Past disarmament conferences, beginning with The Hague Conference of 1898, up through the London and Washington Conferences of the 1920s and the Geneva Conference of the early 1930s, have filled volumes with debate over definitions of offensive and defensive weapons. It was frequently suggested by disarmament advocates of those days that defensive weapons might be moral as opposed to the immorality of offensive weapons, and hence only offensive weapons should be eliminated. This rationale broke down when it became obvious after interminable discussions between conference delegates that the difference between offensive and defensive weapons simply could not be determined.4 Disarmament negotiators reluctantly concluded that almost any weapon could be used either offensively or defensively. They finally came to realize that the intent of the man behind the weapon cannot be transferred to the weapon itself. The purpose and manner of employment of a weapon is not built into a weapon to the exclusion of other uses it might be put to. A revolver in the hands of a thief is offensive; in the hands of a policeman, it is defensive.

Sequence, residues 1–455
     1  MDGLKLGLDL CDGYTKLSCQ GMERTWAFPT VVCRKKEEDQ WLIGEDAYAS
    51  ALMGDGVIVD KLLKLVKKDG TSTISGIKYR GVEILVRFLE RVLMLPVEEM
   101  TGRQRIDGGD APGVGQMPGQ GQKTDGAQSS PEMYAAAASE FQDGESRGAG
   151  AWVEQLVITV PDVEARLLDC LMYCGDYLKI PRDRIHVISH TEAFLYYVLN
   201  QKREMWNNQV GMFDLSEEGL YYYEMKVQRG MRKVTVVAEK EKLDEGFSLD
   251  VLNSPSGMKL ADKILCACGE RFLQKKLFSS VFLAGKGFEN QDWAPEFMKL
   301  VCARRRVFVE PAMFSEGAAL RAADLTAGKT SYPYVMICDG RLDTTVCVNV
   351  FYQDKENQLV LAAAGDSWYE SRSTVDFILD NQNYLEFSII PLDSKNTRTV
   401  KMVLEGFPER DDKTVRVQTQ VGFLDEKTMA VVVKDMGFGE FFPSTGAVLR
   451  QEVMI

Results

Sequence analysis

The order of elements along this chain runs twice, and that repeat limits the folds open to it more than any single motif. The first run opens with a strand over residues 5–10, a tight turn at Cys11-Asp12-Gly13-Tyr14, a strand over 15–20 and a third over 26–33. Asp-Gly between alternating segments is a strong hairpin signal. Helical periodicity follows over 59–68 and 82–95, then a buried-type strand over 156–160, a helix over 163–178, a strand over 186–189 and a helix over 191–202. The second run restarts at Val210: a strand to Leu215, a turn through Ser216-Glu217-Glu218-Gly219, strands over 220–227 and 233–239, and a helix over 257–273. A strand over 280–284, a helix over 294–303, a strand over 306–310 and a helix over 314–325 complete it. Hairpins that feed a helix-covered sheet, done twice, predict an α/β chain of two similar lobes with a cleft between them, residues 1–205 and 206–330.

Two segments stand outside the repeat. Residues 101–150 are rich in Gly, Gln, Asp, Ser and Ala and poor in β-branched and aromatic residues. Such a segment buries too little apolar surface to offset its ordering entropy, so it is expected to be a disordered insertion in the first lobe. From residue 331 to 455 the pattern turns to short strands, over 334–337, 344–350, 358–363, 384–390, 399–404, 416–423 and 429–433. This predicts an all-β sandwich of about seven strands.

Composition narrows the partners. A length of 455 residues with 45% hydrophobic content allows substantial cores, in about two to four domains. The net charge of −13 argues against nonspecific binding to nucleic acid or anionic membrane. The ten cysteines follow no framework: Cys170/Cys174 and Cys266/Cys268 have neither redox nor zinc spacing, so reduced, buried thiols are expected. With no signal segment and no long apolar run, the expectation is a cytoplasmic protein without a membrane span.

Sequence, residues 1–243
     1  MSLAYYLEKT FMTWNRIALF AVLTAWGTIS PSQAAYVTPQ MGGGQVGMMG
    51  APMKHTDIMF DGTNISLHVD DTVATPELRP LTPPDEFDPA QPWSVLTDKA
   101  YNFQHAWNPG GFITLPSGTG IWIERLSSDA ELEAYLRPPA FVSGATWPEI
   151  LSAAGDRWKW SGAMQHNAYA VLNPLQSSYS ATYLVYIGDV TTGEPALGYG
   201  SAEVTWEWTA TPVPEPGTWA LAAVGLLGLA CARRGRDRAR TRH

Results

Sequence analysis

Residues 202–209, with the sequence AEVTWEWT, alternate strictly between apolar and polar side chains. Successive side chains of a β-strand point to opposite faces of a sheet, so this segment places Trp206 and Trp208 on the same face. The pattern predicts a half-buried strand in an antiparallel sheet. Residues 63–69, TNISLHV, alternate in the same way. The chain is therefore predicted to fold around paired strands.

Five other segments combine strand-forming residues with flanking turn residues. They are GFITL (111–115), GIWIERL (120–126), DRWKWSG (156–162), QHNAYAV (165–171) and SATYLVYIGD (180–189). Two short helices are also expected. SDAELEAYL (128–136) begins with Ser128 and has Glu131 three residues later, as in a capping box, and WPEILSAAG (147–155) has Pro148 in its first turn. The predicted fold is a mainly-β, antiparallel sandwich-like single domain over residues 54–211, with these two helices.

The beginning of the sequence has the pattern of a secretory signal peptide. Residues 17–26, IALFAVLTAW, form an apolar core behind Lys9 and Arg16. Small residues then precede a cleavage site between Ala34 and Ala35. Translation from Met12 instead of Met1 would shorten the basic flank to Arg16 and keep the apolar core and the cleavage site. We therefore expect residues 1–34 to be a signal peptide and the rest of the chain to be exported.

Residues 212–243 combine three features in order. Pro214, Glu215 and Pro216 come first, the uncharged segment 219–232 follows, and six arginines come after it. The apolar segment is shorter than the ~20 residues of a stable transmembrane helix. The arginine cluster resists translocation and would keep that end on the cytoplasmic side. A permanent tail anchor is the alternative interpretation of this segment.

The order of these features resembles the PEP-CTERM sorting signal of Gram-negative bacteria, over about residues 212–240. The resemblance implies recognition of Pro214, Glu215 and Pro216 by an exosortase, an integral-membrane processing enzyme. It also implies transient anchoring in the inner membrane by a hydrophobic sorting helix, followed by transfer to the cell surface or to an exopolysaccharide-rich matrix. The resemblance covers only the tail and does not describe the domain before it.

It is true that every weapon is designed with some idea in mind of how it will be used. A jet interceptor fighter, for example, is a highly specialized machine for shooting down invading bombers. But in a pinch, it could also be used to attack ground targets. However, whether an act is defensive or offensive is related to events, purposes, and interpretations. In one circumstance the jet interceptor's shooting down of a bomber could be considered defensive; in another circumstance, precisely the same act could be regarded as offensive. The second circumstance might occur, for example, with a bomber lost on a peaceful training mission.
Has the lesson that offensive and defensive weapons cannot be clearly differentiated been fully considered by the new crop of strategic scholars? The stabilizing/destabilizing arguments seem to be much in the same vein. Any long-range missile or aircraft can be employed either as a first- or second-strike weapon, offensively or defensively, and thereby be either stabilizing or destabilizing. The intentions and actions of the governments involved will more likely determine whether a weapon is used in a first or second strike. Moreover, the stability of the military environment will be established primarily by political decisions rather than by the kinds of weapons employed.